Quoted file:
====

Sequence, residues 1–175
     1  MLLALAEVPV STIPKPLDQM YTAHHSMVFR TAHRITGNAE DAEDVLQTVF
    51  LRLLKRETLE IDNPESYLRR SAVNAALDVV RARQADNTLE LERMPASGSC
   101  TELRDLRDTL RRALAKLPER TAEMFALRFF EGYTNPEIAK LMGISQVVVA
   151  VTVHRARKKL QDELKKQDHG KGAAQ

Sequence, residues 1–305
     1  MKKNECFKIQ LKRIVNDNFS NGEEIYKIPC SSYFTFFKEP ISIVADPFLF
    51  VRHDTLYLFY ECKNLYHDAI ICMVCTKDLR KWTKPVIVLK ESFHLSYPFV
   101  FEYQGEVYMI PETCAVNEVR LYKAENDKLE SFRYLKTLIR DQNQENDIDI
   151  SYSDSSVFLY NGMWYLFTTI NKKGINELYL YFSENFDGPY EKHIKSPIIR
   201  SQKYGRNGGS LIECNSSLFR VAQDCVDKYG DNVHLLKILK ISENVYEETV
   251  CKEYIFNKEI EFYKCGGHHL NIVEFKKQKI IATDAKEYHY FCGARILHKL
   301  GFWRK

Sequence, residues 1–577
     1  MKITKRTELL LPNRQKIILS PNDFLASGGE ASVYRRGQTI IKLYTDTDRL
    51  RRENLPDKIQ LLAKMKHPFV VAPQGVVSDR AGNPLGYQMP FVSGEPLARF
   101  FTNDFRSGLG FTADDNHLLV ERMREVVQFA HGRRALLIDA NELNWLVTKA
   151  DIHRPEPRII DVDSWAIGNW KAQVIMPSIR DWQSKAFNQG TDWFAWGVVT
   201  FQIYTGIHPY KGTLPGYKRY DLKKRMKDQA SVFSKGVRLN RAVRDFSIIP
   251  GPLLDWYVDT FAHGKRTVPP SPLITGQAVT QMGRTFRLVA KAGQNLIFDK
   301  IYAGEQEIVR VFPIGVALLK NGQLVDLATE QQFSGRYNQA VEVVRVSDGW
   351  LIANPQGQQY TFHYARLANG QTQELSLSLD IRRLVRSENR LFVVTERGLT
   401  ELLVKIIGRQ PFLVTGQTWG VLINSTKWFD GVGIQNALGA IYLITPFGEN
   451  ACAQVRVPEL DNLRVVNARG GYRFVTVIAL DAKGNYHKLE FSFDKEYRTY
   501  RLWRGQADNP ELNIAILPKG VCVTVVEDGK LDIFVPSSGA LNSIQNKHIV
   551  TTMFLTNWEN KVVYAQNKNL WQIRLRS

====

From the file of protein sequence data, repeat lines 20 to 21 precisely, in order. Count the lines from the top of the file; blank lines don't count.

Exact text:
   251  GPLLDWYVDT FAHGKRTVPP SPLITGQAVT QMGRTFRLVA KAGQNLIFDK
   301  IYAGEQEIVR VFPIGVALLK NGQLVDLATE QQFSGRYNQA VEVVRVSDGW